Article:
Marvel Studios, Feige No Longer Under Perlmutter's Purview
Comic Books, Film
Back on October 23-25, the Sequential Art Department at the Atlanta campus of Savannah College of Art and Design (SCAD Atlanta) hosted a comics art forum with Sean Murphy (2003 SCAD Savannah graduate and artist on the upcoming Grant Morrison-written Joe the Barbarian for Vertigo) and Matthew Bernier (School of Visual Arts in Manhattan graduate and currently at work on a book for First Second). Since I’m a Georgia-based member of the Robot 6 crew, Chris Schweizer, a SCAD Atlanta professor and creator of Crogan’s Vengeance, invited me to the forum.
According to Shawn Crystal, SCAD Professor (as well as one of the artists on last month’s Deadpool 900 [Marvel]), SCAD’s Comics Art Forum tradition started in Savannah years ago. Crystal selects the guests that are invited to the forum. “Every year, when I pick guests, I look to pick progressive/passionate artists. Artists who are doing new and exciting things, helping to move the medium forward,” he said. “Our Atlanta Faculty throw names around until we settle on the best choice for that year.”
Schweizer echoed Crystal’s thinking. “When we arrange these events, we try hard to pick guests whose work (and approaches to their work) varies from ours, because it opens our eyes to new ideas, and it does the same for our students,” he said.
According to Nolan Woodard, another of the SCAD Atlanta professors (and who also took the photos included in this article), there is a variety of lessons that the students take away from these forums. “They always walk away in awe of some aspect our guests bring whether it be tangible, like a technique or tool, or otherwise,” he said. “However, the one [lesson] I personally hope they take away is that evolution doesn’t stop for any successful artist. Our guests were once in their shoes but they worked hard, focused, and prevailed. They all bring stories of how they’ve grown and the investment of time and energy they’ve made to see this happen is inspiring and informative. It shows our students that their own work won’t be done just because they wear a cap and gown and received a piece of paper. This is just the beginning of a larger trek where they’ll continue to evolve and learn. As professors, we simply try to help them off on the right foot.”
The students clearly get a great deal of insight from the forums, as evidenced by the comments from grad student Pat Bollin (who was recently tapped to draw an unannounced graphic novel for Oni). “Every forum I’ve been to at SCAD in the 2 years I’ve been in grad school have been amazing,” he said. “I’ve learned something new or gotten some piece of info or inspiration that filled in a missing puzzle piece in my own process. Not to mention geeking out over all the top talent that comes here to give lectures and review portfolios. My expectations for this particular forum were to get more of the same. Also, I’ve been working on breaking new ground in my inking technique, and was hoping to learn something new from Sean Murphy who is one of a few artists that inspired me to move in the direction I’m currently heading.”
The Comic Arts Forum is just one part of SCAD’s effort to provide practical industry advice to its students. According to Crystal, SCAD also hosts:
— The Atlanta Publishers Forum, where editors and publishers come in to educate students on the industry they are seeking to join.
— The Atlanta Writers workshop, along the lines of the Comic Arts Forum, but with writers
— A variety of single guest events (In fact, the week after the Comics Arts Forum, Laura Martin conducted a one-day color workshop for SCAD Atlanta)
The SCAD Atlanta sequential art program has a total of around 50 students.(around 6 Grad students and 44 Undergrad students).
Murphy and Bernier opened the weekend-long forum with a Friday night discussion of their respective careers to date.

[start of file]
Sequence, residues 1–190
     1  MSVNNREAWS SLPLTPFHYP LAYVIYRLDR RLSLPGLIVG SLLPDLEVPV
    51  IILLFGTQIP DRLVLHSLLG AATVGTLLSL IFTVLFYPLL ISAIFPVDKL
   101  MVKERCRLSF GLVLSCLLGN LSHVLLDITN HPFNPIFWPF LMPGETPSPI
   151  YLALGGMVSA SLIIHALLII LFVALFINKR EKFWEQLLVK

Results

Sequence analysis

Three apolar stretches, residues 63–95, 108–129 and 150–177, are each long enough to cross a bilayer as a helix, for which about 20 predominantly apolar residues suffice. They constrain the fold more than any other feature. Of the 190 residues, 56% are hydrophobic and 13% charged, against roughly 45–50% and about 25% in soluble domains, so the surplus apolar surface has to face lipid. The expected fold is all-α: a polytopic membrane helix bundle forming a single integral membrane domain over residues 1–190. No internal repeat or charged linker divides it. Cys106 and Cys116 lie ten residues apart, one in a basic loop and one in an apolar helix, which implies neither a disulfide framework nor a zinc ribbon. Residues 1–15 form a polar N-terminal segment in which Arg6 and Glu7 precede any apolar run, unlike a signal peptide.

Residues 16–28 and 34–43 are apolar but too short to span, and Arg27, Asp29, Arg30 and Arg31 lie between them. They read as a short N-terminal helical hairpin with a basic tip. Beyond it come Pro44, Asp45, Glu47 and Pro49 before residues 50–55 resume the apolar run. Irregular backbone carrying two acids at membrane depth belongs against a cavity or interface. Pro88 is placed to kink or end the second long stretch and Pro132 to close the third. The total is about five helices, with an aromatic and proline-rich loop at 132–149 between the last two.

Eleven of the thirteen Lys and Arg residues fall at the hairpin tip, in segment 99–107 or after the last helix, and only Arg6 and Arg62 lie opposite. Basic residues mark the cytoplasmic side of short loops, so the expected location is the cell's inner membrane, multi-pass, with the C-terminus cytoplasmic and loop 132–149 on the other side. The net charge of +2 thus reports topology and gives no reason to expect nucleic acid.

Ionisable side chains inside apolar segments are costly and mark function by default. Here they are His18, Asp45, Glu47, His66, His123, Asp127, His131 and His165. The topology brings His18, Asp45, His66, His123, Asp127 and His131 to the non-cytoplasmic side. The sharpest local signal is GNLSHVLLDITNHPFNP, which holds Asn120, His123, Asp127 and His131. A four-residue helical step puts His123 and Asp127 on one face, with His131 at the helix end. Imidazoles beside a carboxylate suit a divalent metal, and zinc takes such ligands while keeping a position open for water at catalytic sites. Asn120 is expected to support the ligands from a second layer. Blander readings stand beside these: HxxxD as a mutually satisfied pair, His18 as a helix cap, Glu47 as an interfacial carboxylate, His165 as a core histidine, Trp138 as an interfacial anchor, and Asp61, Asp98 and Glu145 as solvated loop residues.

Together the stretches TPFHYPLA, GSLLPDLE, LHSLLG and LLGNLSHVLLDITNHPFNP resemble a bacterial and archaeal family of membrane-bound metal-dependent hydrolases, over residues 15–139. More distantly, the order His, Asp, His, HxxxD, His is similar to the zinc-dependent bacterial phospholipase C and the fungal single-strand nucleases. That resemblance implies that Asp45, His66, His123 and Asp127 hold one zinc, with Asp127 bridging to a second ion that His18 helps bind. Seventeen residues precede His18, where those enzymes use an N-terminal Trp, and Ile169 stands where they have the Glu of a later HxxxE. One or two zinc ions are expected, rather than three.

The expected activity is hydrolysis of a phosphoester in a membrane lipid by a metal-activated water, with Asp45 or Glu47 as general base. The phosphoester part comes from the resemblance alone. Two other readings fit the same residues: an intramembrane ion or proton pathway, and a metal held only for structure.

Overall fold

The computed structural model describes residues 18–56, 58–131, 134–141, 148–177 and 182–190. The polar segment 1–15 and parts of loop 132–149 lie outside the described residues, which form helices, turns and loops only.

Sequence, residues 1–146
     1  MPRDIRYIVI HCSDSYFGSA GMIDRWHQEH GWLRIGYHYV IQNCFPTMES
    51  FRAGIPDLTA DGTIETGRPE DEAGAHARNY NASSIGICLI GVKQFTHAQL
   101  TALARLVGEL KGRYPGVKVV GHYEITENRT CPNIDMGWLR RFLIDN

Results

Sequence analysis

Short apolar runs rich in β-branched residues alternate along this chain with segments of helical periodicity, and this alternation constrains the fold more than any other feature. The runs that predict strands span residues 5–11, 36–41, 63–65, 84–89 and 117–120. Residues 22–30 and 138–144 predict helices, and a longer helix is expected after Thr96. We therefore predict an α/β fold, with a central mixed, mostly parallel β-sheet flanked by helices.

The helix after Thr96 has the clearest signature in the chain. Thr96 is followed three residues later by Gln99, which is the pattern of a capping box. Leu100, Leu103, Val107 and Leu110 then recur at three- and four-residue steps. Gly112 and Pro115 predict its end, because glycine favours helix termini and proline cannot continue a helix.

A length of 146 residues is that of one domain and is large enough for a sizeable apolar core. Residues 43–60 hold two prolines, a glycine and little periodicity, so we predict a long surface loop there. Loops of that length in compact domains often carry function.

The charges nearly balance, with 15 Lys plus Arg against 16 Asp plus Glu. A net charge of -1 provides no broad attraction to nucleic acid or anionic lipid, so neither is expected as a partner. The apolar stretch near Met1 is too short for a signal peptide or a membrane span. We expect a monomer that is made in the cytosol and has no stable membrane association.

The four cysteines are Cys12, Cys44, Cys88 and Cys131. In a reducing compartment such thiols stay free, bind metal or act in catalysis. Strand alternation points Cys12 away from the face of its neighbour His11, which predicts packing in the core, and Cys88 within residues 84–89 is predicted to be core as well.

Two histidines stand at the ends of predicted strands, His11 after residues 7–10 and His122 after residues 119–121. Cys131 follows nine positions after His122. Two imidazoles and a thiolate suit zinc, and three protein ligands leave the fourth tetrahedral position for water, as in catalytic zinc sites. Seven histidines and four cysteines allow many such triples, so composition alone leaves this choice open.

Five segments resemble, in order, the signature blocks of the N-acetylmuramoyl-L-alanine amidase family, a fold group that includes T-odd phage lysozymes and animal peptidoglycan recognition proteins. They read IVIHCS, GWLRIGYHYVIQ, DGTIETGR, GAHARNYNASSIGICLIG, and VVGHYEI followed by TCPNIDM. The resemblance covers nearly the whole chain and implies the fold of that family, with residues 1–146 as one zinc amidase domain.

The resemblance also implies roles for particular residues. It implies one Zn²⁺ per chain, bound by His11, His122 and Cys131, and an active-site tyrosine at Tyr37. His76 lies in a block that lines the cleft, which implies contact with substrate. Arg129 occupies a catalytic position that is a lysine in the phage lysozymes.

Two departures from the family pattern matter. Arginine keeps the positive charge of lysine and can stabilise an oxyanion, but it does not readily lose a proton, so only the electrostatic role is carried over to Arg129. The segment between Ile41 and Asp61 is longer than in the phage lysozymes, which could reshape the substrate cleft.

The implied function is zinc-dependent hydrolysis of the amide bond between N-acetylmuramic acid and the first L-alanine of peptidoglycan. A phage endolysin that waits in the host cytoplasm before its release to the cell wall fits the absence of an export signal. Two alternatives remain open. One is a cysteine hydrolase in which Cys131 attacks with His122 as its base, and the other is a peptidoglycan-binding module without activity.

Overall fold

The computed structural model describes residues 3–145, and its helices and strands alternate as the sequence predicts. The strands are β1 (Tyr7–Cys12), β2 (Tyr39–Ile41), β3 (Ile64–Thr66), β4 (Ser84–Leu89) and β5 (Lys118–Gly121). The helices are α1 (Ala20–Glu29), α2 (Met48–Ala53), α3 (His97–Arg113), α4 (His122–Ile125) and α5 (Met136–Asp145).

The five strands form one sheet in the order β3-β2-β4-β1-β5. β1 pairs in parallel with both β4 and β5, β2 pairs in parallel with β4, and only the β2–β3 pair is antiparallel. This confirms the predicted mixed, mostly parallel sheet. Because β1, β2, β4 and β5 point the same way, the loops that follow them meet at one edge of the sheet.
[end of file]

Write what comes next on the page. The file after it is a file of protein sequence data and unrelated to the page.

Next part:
In Murphy’s opening presentation, he shared a variety of projects that he had worked on, being sure to point out that while some projects never were published, the work led to other projects or opportunities. After the forum, I sought additional insight from Murphy and got him to elaborate on this particular point. “Being a freelancer means a lot of odd jobs and career fluctuations,” Murphy said. “Some gigs can seem like a nightmare and can blow up in your face. Instead of getting upset at those gigs, I try my best to flip the situation to some sort of advantage. Sure, I might not have been paid for this or that, but at least I have more work experience and something new to put into my portfolio for future clients”
“Over the years I’ve tried to stay positive and to continue planting seeds that might bear no fruit at all, ” he added. “But once in a while, just when you’ve forgotten about a certain seed, it’ll start bearing fruit. And suddenly you can pay bills again. I’ve had job offers from clients that have come from left field. And I’ll go, ‘I’d love to work on your project, but I have to ask: how the HELL did you hear about me?’ I get the weirdest answers sometimes.”
On Saturday, the morning was spent with both artists presenting workshops on technique, followed by an afternoon of portfolio reviews. With Murphy, he showed the students a number of methods he employs to attain certain effects and elements on his pages. One warm-up exercise he shared with the students was exploring the lights and darks of a portrait (working from a black and white photo of Clint Eastwood). He also revealed a variety of storytelling devices to the students, many too complex and visual for me to capture while observing his session.
“There are usually a handful of points that I try to make when I teach,” Murphy shared. While this was his first time lecturing at SCAD Atlanta, he lectures at the Kubert School on an annual basis. In his lectures, he aims to convey “stuff like ALWAYS KEEP PRACTICING, LEARN HOW TO WRITE, GO OUT AND MEET OTHER ARTISTS BECAUSE WE ALL NEED SUPPORT, DON’T GO BACK HOME AND LIVE WITH YOUR MOM, MOVE TO A CITY, FOLLOW UP ON YOUR CONTACTS, LEARN WHAT A WRITE-OFF IS, etc…”
In addition to sharing his perspective, Murphy clearly gained a larger perspective from the students. He noted that “it’s been more interesting lately because I’ve been getting something else from people at shows: they love drawing and storytelling, but they don’t like most comics. And they’re worried about surviving and paying bills. And they’re also worried that they won’t find a place for themselves in an industry built on superheroes.”
Murphy is unsure why he attracts people with opinions along those lines. “I’m told it’s because I’m somehow skirting the line between indy and mainstream,” he conceded. “And I don’t always know how to respond. But I try my best to tell them that I understand their concerns and that I live it everyday. And even though we’re all going to fall into darker moments of self-doubt and depression from time to time, there are ways of preparing for a more stable career where you can write what you want and pay your bills by being a one-man show. That way you’re not reliant on men in tights.”